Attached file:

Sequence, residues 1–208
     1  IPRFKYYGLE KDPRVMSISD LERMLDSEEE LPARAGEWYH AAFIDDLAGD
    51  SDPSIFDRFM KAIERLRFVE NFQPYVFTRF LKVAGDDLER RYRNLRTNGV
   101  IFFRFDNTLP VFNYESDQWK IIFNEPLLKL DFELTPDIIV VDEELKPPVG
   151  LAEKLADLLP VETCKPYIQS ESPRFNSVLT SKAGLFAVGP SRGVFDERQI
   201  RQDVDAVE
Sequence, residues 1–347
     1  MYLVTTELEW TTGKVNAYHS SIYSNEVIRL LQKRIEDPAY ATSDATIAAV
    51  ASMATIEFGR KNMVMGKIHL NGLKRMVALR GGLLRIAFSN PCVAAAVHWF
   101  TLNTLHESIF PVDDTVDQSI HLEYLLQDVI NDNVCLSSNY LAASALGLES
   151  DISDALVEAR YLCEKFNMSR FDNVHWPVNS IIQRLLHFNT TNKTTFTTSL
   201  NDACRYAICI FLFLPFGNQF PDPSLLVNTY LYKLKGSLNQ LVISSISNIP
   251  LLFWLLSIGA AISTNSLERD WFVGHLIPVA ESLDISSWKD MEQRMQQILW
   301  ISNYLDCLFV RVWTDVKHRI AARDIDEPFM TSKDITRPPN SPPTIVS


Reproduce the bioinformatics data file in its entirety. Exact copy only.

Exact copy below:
Sequence, residues 1–208
     1  IPRFKYYGLE KDPRVMSISD LERMLDSEEE LPARAGEWYH AAFIDDLAGD
    51  SDPSIFDRFM KAIERLRFVE NFQPYVFTRF LKVAGDDLER RYRNLRTNGV
   101  IFFRFDNTLP VFNYESDQWK IIFNEPLLKL DFELTPDIIV VDEELKPPVG
   151  LAEKLADLLP VETCKPYIQS ESPRFNSVLT SKAGLFAVGP SRGVFDERQI
   201  RQDVDAVE
Sequence, residues 1–347
     1  MYLVTTELEW TTGKVNAYHS SIYSNEVIRL LQKRIEDPAY ATSDATIAAV
    51  ASMATIEFGR KNMVMGKIHL NGLKRMVALR GGLLRIAFSN PCVAAAVHWF
   101  TLNTLHESIF PVDDTVDQSI HLEYLLQDVI NDNVCLSSNY LAASALGLES
   151  DISDALVEAR YLCEKFNMSR FDNVHWPVNS IIQRLLHFNT TNKTTFTTSL
   201  NDACRYAICI FLFLPFGNQF PDPSLLVNTY LYKLKGSLNQ LVISSISNIP
   251  LLFWLLSIGA AISTNSLERD WFVGHLIPVA ESLDISSWKD MEQRMQQILW
   301  ISNYLDCLFV RVWTDVKHRI AARDIDEPFM TSKDITRPPN SPPTIVS